Since you musically came of age in the 1960s, did any of the politics of the American Jazz “New Thing” filter down to you? I am speaking of the Black cultural identity politics of the Jazz Avant-garde.

Of course, the Black Panther party had a big influence on me. The lyric poetry of poet Amiri Baraka, the music of Archie Shepp, Max Roach’s LP Freedom Now and Ornette Coleman’s LP Free Jazz all made big impressions on me. During that era I was only listening to Jazz music of Black American musicians, because it was so amazingly strong that every other music seemed unimportant to me! I only regret that I could not be a part of this movement in the USA as a young White European musician. I was following everything regarding the Black Civil Rights movement in the USA expressed in the American Jazz scene.

Upon your return to Switzerland, it seems you started changing your style and moved more toward the Avant-garde.

Yes, soon after I came back to Switzerland I left my hometown and settled down in Zurich, where I formed a trio with drummer Mani Neumeier and the bassist Uli Trepte. We were copying Bill Evans, Paul Bley, and McCoy Tyner. The Bill Evans Trio with Scott LaFaro and Paul Motian opened my ears to more modern harmonics and chord changes and also rhythmically. We opened up and started to play in a freer way, like Paul Bley with all these wonderful Carla Bley tunes. Sometimes a tenor saxophonist joined us and then we played in the idiom of John Coltrane—we bought all the Impulse LPs and tried to copy all those tunes.We were rehearsing a lot, although everybody was still working and had a day job. I earned my living as a secretary while the drummer was a plumber, the bassist worked in a bookshop, and the saxophonist was a psychologist. Then in 1963 the legendary Café Africana opened up in Zurich, where the Dollar Brand trio played every day for several months. I listened to this trio quite a lot and Dollar’s playing deeply moved me. At the beginning of the ‘70s I started a quartet with German sax player Rudiger Carl, Dutch bassist Arjen Gorter, and different drummers but mainly South African drummer Makaya Ntshoko. We played also at the official Berliner Jazztage and toured mostly in Germany and Switzerland. Later on, Rudiger Carl and I reduced the quartet to a trio with drummer Louis Moholo; it was with this trio we recorded two LPs for FMP [1974] and also played a lot in Germany, Switzerland, France, and Italy. I want to go back further and mention that in the late 1960s I had a group with drummer Pierre Favre, bassist Peter Kowald, and the great saxophonist Evan Parker. This group was very important for me. We were touring around Europe and played many festivals like PORI (in Finland), Berlin, Frankfurt, Zurich, etc. The music was very exciting and powerful—really Free Jazz at its best. Unfortunately there exists only one LP with this quartet on WERGO Records, which is probably out of print.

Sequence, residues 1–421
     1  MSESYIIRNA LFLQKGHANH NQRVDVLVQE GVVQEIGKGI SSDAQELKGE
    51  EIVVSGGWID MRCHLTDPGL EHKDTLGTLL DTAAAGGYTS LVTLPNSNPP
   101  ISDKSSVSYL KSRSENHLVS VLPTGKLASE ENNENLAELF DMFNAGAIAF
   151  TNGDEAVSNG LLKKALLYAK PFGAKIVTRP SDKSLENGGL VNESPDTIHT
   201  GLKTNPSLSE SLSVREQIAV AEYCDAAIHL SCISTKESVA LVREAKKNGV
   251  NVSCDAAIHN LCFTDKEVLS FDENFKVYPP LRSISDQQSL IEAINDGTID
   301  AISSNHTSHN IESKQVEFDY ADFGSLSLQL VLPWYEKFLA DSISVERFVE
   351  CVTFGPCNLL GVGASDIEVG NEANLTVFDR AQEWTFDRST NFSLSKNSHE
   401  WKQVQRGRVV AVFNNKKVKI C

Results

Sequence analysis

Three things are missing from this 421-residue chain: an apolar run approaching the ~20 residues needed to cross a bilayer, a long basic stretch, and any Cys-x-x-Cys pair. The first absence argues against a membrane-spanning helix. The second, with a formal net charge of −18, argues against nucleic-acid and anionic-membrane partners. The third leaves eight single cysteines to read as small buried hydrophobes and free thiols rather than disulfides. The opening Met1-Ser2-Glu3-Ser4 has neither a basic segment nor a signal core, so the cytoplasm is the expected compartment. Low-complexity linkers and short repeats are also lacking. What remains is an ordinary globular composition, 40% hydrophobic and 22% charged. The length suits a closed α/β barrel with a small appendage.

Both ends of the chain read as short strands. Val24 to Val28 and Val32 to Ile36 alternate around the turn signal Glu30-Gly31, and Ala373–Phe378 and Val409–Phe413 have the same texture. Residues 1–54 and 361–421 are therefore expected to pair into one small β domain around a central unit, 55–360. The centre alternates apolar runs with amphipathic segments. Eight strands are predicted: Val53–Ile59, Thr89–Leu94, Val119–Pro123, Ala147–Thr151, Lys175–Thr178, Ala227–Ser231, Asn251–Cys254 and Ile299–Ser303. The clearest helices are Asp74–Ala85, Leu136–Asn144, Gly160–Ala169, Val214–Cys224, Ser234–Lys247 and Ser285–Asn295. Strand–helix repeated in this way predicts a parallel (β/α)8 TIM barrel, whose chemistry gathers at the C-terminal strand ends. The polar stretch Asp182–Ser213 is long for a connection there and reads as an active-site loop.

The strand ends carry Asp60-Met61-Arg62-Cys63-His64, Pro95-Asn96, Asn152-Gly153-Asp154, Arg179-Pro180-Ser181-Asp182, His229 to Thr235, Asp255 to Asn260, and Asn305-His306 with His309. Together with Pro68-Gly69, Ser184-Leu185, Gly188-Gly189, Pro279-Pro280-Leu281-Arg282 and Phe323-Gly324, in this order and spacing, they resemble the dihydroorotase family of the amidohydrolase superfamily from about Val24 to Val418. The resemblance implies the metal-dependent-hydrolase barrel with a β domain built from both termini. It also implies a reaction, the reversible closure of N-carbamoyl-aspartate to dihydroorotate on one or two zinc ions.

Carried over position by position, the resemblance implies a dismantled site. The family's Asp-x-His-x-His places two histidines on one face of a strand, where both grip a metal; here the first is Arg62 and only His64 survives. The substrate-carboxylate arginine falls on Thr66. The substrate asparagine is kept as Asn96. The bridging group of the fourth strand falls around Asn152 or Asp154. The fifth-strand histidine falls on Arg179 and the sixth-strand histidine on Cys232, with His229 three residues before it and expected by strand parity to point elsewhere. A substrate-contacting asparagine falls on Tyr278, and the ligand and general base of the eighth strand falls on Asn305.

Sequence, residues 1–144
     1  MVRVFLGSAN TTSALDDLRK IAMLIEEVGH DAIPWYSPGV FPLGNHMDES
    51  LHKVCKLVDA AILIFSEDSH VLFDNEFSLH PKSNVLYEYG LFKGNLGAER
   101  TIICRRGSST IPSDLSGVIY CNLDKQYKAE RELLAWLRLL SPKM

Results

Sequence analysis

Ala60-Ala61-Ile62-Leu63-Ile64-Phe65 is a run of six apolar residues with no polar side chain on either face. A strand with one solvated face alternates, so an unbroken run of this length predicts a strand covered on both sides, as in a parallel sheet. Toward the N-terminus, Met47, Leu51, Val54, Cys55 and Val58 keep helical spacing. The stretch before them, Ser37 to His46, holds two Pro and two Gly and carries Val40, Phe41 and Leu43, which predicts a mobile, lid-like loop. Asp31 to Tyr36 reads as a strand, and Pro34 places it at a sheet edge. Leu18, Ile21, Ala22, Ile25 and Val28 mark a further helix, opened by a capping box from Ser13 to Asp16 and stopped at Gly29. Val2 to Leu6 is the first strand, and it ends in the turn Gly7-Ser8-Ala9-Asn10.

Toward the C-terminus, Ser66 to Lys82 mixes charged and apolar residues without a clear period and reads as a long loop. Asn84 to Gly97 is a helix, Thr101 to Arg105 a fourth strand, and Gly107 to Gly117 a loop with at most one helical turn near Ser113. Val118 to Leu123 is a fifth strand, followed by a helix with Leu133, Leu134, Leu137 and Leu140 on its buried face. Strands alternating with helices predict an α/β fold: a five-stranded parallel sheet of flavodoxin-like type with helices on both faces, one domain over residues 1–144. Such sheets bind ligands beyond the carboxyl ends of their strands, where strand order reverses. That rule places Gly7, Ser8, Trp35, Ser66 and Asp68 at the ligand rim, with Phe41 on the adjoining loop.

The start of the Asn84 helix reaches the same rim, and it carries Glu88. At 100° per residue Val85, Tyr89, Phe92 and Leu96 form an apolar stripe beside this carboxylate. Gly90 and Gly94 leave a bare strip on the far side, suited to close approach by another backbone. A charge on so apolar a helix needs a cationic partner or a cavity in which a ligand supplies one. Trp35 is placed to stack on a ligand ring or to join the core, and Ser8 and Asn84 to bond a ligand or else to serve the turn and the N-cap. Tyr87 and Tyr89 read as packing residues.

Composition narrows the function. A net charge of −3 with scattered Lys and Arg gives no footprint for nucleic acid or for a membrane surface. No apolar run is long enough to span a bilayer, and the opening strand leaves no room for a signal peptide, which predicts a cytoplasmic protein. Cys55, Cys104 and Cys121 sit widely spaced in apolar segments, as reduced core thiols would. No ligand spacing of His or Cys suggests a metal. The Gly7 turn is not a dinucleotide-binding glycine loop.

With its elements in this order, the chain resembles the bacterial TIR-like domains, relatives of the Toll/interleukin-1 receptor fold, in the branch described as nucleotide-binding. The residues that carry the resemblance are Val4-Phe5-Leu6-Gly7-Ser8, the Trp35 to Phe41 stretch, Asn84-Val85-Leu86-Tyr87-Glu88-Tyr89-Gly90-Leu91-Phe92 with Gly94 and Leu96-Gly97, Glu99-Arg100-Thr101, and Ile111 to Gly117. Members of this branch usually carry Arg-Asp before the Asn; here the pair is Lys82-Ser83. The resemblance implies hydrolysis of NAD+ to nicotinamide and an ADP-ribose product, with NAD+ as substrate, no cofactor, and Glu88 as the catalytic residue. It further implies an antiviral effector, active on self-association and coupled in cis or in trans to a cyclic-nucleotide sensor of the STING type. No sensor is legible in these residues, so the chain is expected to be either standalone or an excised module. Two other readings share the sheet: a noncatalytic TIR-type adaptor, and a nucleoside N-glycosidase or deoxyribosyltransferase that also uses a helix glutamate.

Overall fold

While we are talking about the 1960s, what was your reaction to hearing Cecil Taylor live in 1966?

I heard Cecil Taylor live for the first time in Stuttgart at a radio/concert performance together with the late Jimmy Lyons and Andrew Cyrille. Before the concert I listened to him a lot on records. I had all the LPs from that time, like Conquistador and Unit Structures, and I was so impressed by his technique and powerful playing, that I decided to stop playing the piano for a short time! Cecil’s playing was simply too much for me to handle! But after a while I recovered from the shock and started to play again. I think, in the trio I had with Rudiger Carl and Louis Moholo, my playing was the most Cecil Taylor-influenced phase I went through and that was the 1970s.

What musical approaches did you adopt in order to not let his playing overtly influence your own?